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Though wrestling coach Randy Jimenez enjoys a “juicy steak dinner” before his matches while other athletes count their calories, it is not just the awesome diet that attracted him to the sport.
“I’ve always loved the whole tradition of sumo,” Jimenez said. “Being able to … do something that’s been around for hundreds of years is a good thing. It was something that I had always wanted to do.”
On August 22, Jimenez took the bronze medal at his first major tournament, the 2010 U.S. Sumo Open in Los Angeles. The coach’s only losses were to the current world and U.S. sumo champions, finishing with a record of 10-2. His success also ranked him as the third best sumo in the entire nation.
“There were competitors from around the world, [including] the European, Mongolian, U.S. and world champions,” Jimenez said. “Being able to compete at this level is very rewarding.”
Randy competes in the heavy weight class, weighing about 352 pounds himself.
Jimenez’s wrestling technique often relies on the “bull rushing” tactic or Abisetaoshi, a quick start to catch his opponent off balance and quickly force out of the ring (Dohyo). Coach Jimenez also likes to use the Kekaeshi technique, in which he sweeps his opponents legs out from underneath in order to force them to the ground; both are very nimble moves for the very large competitors.
“In Sumo you have to be really flexible; there are moves where you [can] legally toss your opponent,” Jimenez said. “It’s not just two big guys crashing into each other, there [are] actually style moves that you do.”
Sumo participants can not punch, kick or pull hair, but all other aspects of wrestling are legal. To win, a wrestler must throw his opponent out of the ring or make a part of his body touch the ground.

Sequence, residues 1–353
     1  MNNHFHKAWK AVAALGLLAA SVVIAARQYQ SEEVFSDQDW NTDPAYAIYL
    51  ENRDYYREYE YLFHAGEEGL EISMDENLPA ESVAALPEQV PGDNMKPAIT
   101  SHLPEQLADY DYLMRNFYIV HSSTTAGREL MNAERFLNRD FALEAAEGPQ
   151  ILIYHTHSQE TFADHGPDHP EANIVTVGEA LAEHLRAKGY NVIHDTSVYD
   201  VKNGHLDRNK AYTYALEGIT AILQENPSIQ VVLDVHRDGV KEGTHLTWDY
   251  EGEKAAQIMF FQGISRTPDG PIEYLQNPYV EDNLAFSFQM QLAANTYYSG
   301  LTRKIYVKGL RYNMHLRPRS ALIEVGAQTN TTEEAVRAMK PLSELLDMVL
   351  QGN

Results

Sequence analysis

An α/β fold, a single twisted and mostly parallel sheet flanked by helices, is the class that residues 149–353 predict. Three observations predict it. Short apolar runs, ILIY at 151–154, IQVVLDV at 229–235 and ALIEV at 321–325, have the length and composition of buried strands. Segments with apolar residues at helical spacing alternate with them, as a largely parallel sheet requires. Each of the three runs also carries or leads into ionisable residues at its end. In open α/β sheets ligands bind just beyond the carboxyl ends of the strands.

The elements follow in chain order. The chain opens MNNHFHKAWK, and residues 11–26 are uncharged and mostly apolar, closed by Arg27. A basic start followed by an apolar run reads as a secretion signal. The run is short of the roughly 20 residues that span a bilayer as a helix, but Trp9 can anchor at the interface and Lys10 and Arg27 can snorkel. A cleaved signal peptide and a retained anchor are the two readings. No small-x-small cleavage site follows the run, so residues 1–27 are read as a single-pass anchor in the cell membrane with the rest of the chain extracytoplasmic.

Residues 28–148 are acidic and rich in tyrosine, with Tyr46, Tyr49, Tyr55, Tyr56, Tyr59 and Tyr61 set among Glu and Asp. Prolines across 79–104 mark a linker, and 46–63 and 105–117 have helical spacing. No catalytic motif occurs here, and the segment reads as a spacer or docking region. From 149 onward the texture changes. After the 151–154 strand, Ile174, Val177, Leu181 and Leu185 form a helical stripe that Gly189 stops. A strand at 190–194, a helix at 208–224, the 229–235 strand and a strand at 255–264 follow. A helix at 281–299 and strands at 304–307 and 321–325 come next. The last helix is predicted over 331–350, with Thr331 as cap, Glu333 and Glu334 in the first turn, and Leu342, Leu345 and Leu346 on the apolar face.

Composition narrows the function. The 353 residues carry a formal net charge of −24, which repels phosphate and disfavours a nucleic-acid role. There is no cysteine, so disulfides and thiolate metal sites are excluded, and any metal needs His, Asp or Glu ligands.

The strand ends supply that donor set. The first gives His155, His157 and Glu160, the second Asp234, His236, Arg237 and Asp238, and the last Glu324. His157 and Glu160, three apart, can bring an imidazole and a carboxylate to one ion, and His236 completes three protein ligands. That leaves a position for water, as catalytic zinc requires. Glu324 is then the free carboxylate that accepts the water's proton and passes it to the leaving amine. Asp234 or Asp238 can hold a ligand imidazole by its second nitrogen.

As for his training, Jimenez works on his sumo skills with a partner. Each training session lasts for one and a half hours and typically starts with 20 minutes of stretching. After this, the session moves right into sparring matches and heavy lifting, including each other.
“My workout partner is 400 pounds; we throw each other around,” Jimenez said. “I lift him up and put him down and do that about 100 times.”
Although Jimenez continues to train, he has taken a few weeks off to recover from a split in his head and bruised ribs, casualties from the competition at the Los Angeles tournament.
Once recovered though, he plans to participate in the East Coast Grand Sumo Tournament in November and Las Vegas Open in January.
Though he does not have plans to make sumo a career, the praise and support he has received will keep him competing.
“I really appreciate all of my football players’, wrestlers’, and family’s support through this whole thing,” Jimenez said. “It has been fun and I am looking forward to my next tournament. I figure with a little more training I will win the gold soon.”